Got the mini-exhibits set up last week in a hurry, and began running the public tours today. So far those tours have included television, radio, and print media, a couple of “regular” researchers, a city councillor, and a single new member of the general public. A decent start, though. Later this week we have city staff, heritage committees, a Grade 5 class, and another day of “public.” By the end of it I’ll probably have some things memorized that I never expected to.
So what’s this table about, then? Turns out that Sir Arthur Conan Doyle, creator of Sherlock Holmes, stopped in Fort William one afternoon in 1914 and bought a piece of land on a whim. (It was an investment property — he was just that taken by the city’s potential. As far as I can tell he wasn’t in the habit of buying land in Canadian cities he’d never been to before.) The exhibit uses this property, and the famous name attached to it, to demonstrate the variety of resources that the Archives has for researching the history of land and buildings. People use these to find out who used to live in their houses. (Hint: not Sir Arthur.)
Incidentally, the place is now a bakery (and a pretty good one.)
We also have set up a display of maquettes of public art, a display of assorted visual materials (photos, maps, blueprints) and a couple of “strange but true” files (including one documenting the controversial move to accept Daylight Savings Time in painstaking detail.)
When I started working on the time capsule project, what I didn’t anticipate was what would be the most challenging part: putting up a sign above the exhibit.
Just something simple, reading “Time Capsule” rather than the existing, inaccurate signage. Not something I can do by hand, but it shouldn’t be that much trouble, right?
When you’re dealing with government, though, there are certain channels that one must go through. I needed to contact one person to design the sign, two to approve it, and another department entirely to put it up. It should have been finished today, more than 2 weeks since the process was started. I’ll go by the exhibit to check it out tomorrow.
Continuing the saga of the exhibit I’ve had to put together in under a week:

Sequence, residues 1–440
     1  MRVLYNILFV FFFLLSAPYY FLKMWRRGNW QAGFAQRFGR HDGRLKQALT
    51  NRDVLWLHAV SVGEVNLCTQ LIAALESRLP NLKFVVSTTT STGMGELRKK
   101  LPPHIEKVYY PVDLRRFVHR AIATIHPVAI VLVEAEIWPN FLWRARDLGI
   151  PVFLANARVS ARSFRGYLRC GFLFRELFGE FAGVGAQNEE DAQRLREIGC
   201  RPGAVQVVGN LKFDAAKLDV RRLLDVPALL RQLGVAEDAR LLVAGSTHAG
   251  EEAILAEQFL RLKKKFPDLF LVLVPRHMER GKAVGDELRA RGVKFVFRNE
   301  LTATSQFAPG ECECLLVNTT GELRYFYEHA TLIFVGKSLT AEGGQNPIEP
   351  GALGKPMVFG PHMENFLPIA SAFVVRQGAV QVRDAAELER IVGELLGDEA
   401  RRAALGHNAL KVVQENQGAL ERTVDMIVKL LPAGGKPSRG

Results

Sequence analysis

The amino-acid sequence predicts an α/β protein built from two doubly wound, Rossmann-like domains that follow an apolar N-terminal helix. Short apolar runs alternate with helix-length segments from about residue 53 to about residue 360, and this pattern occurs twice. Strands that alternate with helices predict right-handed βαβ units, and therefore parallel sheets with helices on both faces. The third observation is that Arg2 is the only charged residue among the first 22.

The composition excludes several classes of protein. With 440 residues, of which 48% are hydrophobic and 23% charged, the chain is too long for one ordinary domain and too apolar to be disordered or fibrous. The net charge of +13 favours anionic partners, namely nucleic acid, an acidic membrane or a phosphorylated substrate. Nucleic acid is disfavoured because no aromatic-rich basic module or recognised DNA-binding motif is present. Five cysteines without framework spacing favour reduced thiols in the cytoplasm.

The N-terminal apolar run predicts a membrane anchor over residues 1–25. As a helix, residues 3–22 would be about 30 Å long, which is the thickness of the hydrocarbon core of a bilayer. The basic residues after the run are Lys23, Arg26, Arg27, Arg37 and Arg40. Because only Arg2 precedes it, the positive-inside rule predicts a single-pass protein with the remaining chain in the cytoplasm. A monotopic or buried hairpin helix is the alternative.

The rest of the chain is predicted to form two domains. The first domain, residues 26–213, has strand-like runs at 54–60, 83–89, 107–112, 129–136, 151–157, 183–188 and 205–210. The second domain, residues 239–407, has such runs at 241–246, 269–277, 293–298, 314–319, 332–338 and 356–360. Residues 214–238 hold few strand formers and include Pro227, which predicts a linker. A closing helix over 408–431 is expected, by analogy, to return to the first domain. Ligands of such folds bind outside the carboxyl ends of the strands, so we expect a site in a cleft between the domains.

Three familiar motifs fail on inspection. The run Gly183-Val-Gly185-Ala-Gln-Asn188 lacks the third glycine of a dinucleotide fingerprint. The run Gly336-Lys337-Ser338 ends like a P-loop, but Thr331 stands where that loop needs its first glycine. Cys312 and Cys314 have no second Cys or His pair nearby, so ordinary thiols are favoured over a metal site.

The primary challenge today was setting up the display stands. We don’t exactly have budget or time to buy proper stands for materials, so I got to construct them myself out of used folders. Arts & crafts time!
As silly as that all sounds, it went pretty well. Three of us worked on it and got all 20-some finished in only a couple of hours. The stands are sturdy, and somehow manage to not look like they were made out of used folders in an afternoon. I’m actually quite proud of how it turned out.
If the printers pull through, we might be able to get it up “on time” tomorrow afternoon. The accompanying website still has at least a day’s work left.
I’ll certainly post more once the whole thing is finished.
Big Project of the week is a small exhibit I’m putting together ASAP of the items from the time capsule recently unearthed at City Hall. I’m almost afraid to admit it publicly, but this is my first time doing a physical exhibit. And it keeps getting more and more complicated.
The problem I’ve just encountered is the difficulty of creating useful reproductions that are good enough to be used in the exhibit. We’re worried about light damage, and that the exhibit location isn’t particularly secure, so I’ve been asked to use reproductions wherever possible.
However, an exhibit of crap pictures of cool things is still a crap exhibit.
The photographs are going to turn out pretty decently, I think. But a scan of a printed page, shot out of a colour printer, still looks like a scan of a printed page shot out of a colour printer. And no matter what that’s costing us it looks cheap to me.
Speaking of cheap, I am also building my own display stands out of old file folders, so I guess there you have it.